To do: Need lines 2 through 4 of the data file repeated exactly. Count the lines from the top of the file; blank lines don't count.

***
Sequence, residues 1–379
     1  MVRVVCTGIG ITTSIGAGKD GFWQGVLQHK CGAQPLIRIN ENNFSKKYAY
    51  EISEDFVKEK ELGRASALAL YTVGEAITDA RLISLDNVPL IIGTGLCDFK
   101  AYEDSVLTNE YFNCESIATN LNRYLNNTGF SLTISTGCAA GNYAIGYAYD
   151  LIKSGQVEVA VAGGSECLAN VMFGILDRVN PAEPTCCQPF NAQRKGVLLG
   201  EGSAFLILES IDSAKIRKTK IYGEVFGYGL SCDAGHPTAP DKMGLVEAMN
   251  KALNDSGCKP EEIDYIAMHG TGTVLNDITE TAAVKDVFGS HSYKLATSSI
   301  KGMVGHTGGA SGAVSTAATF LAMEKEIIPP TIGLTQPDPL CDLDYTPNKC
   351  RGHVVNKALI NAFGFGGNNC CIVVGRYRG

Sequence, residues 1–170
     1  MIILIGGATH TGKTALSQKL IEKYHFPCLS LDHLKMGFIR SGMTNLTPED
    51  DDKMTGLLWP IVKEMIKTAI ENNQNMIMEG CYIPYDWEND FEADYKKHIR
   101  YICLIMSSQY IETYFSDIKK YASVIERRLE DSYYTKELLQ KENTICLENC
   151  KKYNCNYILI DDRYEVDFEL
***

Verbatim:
     1  MVRVVCTGIG ITTSIGAGKD GFWQGVLQHK CGAQPLIRIN ENNFSKKYAY
    51  EISEDFVKEK ELGRASALAL YTVGEAITDA RLISLDNVPL IIGTGLCDFK
   101  AYEDSVLTNE YFNCESIATN LNRYLNNTGF SLTISTGCAA GNYAIGYAYD